Henry of Ghent and John Duns Scotus on the Formal Distinction

March 31, 2007

I’m currently writing on Henry of Ghent and soon I’m going to start looking at Scotus’s interpretation of him, so I found the following quote very interesting:

“If I am not mistaken, the precise difference between Scotus and Henry boils down to this. If you grant their common scholastic assumption that our concepts and reality are somehow isomorphic, then the mere possibility of conceiving one property without the other requires some actual nonidentity or distinction of properties a parte rei logically prior to and as a condition for our thinking of one apart from the other. (Recall in this connection what Wittgenstein says in Tractatus Logico-Philosophicus 2.012-2.0121). One can of course deny the isomorphism as Ockham does, but if you concede it as Aquinas and henry do, it seems difficult to escape Scotus’s conclusion.”

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Why Thomas Says Grace is an Accident/Habitus?

March 28, 2007

[This was a response I made in the excellent thread of conversation going on in the thread about Augustine’s understanding of Justification. It actually moves over into Thomas, and so strays off topic slightly. However, this same worry has reappeared a few times in conversations I’ve had through the years, so I thought I would address it here for the inquiring minds.]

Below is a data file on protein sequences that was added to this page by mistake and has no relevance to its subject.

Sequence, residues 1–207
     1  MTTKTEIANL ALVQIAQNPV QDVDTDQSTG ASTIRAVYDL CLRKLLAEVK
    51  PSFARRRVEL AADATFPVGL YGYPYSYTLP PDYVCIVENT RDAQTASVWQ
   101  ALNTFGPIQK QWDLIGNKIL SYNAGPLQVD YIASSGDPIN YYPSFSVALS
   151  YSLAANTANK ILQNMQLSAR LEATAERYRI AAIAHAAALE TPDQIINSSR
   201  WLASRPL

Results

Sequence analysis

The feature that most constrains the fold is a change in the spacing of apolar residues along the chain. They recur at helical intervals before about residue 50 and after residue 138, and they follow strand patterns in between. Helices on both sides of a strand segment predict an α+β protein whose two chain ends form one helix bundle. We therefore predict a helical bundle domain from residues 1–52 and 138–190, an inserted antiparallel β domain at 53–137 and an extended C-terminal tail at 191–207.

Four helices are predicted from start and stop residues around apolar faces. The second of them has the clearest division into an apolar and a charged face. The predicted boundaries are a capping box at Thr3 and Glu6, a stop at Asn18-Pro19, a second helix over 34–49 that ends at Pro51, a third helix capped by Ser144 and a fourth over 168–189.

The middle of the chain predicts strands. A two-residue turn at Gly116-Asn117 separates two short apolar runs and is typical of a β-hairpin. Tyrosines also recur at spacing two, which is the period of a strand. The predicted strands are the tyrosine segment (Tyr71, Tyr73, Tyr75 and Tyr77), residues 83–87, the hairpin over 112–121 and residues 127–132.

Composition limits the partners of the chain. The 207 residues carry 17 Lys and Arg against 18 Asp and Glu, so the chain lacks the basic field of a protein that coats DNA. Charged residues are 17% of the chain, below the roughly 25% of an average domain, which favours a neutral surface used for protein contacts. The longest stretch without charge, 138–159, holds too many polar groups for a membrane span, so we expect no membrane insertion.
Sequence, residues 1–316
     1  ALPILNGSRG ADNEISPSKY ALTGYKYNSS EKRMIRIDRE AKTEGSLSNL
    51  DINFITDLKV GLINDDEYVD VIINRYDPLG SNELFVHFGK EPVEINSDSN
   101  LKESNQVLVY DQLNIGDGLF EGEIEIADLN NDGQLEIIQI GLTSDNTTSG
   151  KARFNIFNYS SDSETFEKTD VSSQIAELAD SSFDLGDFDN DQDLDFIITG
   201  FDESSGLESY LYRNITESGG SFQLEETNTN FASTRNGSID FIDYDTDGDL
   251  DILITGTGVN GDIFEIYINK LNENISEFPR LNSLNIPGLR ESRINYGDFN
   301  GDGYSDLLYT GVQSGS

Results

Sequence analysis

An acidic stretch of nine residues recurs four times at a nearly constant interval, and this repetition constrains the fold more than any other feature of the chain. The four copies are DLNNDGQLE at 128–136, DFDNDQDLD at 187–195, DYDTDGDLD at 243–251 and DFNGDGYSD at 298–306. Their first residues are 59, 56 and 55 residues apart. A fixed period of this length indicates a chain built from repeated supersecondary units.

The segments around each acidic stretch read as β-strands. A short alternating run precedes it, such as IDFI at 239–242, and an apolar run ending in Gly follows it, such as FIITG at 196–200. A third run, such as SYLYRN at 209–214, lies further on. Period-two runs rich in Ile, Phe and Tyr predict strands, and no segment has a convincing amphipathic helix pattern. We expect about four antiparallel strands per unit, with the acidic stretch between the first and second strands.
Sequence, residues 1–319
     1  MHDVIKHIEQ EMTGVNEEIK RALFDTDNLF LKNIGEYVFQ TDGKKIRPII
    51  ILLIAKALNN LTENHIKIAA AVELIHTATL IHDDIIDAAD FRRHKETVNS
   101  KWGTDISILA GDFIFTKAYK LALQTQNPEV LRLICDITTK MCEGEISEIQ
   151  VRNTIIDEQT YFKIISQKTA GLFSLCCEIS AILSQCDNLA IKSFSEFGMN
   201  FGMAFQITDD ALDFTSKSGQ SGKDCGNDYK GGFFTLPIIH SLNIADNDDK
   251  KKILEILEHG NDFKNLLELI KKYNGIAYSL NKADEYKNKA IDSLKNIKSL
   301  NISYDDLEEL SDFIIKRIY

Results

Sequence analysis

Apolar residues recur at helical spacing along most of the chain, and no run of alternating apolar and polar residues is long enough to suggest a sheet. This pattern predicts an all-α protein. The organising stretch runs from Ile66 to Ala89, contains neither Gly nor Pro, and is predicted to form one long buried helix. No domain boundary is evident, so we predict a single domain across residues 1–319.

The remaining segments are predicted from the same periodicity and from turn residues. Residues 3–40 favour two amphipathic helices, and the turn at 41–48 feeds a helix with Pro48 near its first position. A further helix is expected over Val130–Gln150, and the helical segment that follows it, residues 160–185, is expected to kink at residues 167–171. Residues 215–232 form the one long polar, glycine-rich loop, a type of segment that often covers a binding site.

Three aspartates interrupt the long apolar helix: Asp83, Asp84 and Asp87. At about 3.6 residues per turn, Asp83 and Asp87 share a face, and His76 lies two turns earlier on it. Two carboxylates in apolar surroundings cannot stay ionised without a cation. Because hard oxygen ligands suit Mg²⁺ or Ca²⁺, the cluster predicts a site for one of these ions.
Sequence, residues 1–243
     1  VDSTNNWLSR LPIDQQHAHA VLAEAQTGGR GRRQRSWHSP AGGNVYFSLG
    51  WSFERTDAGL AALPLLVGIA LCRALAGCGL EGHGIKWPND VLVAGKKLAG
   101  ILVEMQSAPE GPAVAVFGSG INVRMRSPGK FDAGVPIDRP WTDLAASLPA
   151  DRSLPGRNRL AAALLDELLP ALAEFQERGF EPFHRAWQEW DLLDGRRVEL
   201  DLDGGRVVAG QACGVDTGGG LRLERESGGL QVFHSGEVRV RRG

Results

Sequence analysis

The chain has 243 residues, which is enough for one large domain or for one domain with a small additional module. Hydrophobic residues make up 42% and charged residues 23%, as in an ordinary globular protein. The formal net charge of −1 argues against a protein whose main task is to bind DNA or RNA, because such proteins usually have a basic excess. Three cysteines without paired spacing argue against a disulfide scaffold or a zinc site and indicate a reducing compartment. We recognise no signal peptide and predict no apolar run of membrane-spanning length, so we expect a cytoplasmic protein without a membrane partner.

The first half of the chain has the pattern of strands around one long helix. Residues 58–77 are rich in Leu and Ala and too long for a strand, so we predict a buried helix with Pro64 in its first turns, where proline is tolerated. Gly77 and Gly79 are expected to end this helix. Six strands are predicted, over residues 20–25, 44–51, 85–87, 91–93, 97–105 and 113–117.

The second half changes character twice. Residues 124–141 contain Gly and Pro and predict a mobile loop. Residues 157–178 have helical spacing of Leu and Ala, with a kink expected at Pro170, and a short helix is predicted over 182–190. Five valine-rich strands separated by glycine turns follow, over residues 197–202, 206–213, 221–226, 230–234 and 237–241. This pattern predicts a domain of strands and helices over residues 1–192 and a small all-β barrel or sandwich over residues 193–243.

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Boethius’ Consolation Part VI, Whether All Things Seek the Good?

March 26, 2007

The end of Prose X of Book III contains the most thorough presentation thus far of Boethius’s claim that all things seek the good, which is to say that all things really seek God. But a contemporary reader might have some worries at this point because there are at least two serious objections to Boethius’s point.

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More on Augustine’s Doctrine of Justification

March 25, 2007

Over at Pontifications there was a great article on Augustine’s doctrine of justification in comparison with Luther from sometime last year. The author is Dr. Phillip Cary who also has a book on Augustine with Oxford that looks very interesting.  Posted for your reading pleasure.

St. Augustine’s View of Justification

March 19, 2007

St. Augustine is claimed by protestants as a sort of proto-reformer to add a degree of legitimacy in their claim against the Roman magisterium and the council of Trent about justification and whether it comes sola fide.

But is that view really accurate?

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Boethius’s Consolation Part IV, Whether Perfect Happiness Exists?

March 19, 2007

That all things seek the good is a key component of the Philosophy’s therapy for Boethius. There are partial goods one can attain, riches, fame, power and so forth, but this are all transitory and are as liable to make one unhappy as happy. The good itself should bring perfect, self-sufficient happiness to the one who possesses it. But does this kind of perfect happiness actually exist?

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Boethius Part IV, Book II, poem VIII

March 12, 2007

The eighth poem of Book II of the Consolation announces a turn in the work. Up until this point, Philosophy has been engaging Boethius in way that is imprecise, but rhetorically effective by speaking about Fortune and her wheel. The rhetoric was effective there, presumably because the image of Fortune as the cruelly indifferent, “blind power” disposing human affairs would seem very appropriate to the morose Boethius.

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